I. We have an outline sketch of the herald and of his work. The voice of prophecy had fallen silent for four hundred years. Now, when it is once more heard, it sounds in exactly the same key as when it ceased. Its last word had been the prediction of the day of the Lord, and of the coming of Elijah once more. John was Elijah over again. There were the same garb, the same isolation, the same fearlessness, the same grim, gaunt strength, the same fiery energy of rebuke which bearded kings in the full fury of their self-will. Elijah, Ahab, and Jezebel have their doubles in John, Herod, and Herodias. The closing words of Malachi, which Matthew, singularly enough, does not quote, are the best explication of the character and work of the Baptist. His portrait is flung on the canvas with the same startling abruptness with which Elijah is introduced. Matthew makes no allusion to his relationship to Jesus, has nothing to say about his birth or long seclusion in the desert. He gives no hint that his vague expression ‘in these days’ covers thirty years. John leaps, as it were, into the arena full grown and full armed. His work is described by one word—‘preaching’; out of which all modern associations, which have too often made it a synonym for long-winded tediousness and toothless platitudes, must be removed. It means proclaiming, or acting as a herald, and implies the uplifted voice and the brief, urgent message of one who runs before the chariot, and shouts, ‘The king! the king!’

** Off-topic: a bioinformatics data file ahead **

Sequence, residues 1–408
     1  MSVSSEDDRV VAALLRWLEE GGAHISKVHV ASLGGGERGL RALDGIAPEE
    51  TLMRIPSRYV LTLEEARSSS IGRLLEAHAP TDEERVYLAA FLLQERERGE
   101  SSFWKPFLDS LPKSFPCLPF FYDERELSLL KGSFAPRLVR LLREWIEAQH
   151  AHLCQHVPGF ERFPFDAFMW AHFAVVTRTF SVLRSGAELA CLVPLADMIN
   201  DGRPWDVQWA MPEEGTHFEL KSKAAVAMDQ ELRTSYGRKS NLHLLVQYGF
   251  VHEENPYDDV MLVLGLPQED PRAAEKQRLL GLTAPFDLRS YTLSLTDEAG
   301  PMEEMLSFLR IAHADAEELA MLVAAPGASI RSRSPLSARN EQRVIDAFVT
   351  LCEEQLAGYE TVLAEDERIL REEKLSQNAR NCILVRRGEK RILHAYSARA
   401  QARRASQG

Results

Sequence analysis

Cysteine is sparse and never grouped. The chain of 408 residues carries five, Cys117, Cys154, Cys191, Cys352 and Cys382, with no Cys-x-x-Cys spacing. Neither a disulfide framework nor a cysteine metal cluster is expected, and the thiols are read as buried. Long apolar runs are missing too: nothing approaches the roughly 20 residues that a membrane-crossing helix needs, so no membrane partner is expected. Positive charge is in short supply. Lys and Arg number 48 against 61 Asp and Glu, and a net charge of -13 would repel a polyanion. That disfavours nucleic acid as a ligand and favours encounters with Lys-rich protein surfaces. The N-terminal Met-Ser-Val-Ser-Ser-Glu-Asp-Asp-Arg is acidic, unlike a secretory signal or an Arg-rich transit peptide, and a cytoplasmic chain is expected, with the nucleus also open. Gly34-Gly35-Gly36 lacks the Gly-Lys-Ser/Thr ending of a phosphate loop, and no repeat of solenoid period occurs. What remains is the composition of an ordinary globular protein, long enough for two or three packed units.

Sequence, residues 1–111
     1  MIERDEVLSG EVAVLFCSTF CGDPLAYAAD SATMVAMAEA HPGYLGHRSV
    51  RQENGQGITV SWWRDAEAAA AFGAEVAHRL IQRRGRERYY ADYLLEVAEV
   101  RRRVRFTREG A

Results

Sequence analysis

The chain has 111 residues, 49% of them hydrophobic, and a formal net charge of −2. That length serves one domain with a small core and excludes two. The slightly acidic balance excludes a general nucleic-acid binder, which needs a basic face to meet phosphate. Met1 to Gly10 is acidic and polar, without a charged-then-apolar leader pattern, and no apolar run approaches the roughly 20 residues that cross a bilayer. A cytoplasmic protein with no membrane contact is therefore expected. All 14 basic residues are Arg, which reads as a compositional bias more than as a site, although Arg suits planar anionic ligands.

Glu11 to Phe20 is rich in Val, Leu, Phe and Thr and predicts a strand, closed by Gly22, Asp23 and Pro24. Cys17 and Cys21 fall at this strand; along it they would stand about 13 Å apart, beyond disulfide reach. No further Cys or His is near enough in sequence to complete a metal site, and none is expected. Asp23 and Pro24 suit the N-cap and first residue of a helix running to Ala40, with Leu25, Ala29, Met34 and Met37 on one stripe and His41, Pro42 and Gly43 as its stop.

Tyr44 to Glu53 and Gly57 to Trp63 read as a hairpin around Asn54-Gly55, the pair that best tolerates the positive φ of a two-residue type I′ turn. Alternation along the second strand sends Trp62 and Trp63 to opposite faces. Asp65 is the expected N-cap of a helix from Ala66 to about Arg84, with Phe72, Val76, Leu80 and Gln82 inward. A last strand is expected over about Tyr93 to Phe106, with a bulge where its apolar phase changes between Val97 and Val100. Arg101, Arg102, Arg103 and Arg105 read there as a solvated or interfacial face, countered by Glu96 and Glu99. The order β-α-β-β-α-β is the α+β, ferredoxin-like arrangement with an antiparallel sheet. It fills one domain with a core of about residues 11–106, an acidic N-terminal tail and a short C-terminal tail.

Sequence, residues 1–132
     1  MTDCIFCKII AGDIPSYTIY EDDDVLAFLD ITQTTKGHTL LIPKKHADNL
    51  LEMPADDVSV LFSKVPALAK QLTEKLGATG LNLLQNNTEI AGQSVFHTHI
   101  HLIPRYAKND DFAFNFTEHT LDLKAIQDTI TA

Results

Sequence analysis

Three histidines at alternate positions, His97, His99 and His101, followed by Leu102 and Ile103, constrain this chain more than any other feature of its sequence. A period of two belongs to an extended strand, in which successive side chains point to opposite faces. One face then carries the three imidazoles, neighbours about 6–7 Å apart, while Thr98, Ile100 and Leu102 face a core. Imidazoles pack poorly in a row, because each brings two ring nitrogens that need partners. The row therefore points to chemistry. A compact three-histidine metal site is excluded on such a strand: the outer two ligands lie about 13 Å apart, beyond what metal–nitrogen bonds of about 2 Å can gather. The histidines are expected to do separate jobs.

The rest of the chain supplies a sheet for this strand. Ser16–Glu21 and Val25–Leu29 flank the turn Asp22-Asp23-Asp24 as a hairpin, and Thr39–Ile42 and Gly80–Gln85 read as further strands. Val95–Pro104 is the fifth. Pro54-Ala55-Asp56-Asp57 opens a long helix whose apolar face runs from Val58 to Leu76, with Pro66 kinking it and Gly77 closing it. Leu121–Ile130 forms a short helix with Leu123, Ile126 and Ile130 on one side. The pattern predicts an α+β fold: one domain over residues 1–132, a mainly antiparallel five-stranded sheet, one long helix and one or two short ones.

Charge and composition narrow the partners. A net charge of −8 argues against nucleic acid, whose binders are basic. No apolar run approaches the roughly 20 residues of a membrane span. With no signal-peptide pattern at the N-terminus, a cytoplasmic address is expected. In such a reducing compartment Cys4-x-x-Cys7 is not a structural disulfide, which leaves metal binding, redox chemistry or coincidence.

His message is summed up in two sentences, two blasts of the trumpet: the call to repentance, and the rousing proclamation that the kingdom of heaven is at hand. In the former he but reproduces the tone of earlier prophecy, when he insists on a thorough change of disposition and a true sorrow for sin. But he advances far beyond his precursors in the latter, which is the reason for repentance. They had seen the vision of the kingdom and the King, ‘but not nigh.’ He has to peal into the drowsy ears of a generation which had almost forgotten the ancient hope, that it was at the very threshold. Like some solitary stern crag which catches the light of the sun yet unrisen but hastening upwards, long before the shadowed valleys, John flamed above his generation all aglow with the light, as the witness that in another moment it would spring above the eastern horizon. But he sees that this is no joyful message to them. Nothing is more remarkable in his preaching than the sombre hues with which his expectation of the day of the Lord is coloured. ‘To what purpose is the day of the Lord to you? It is darkness and not light’; it is to be judgment, therefore repentance is the preparation.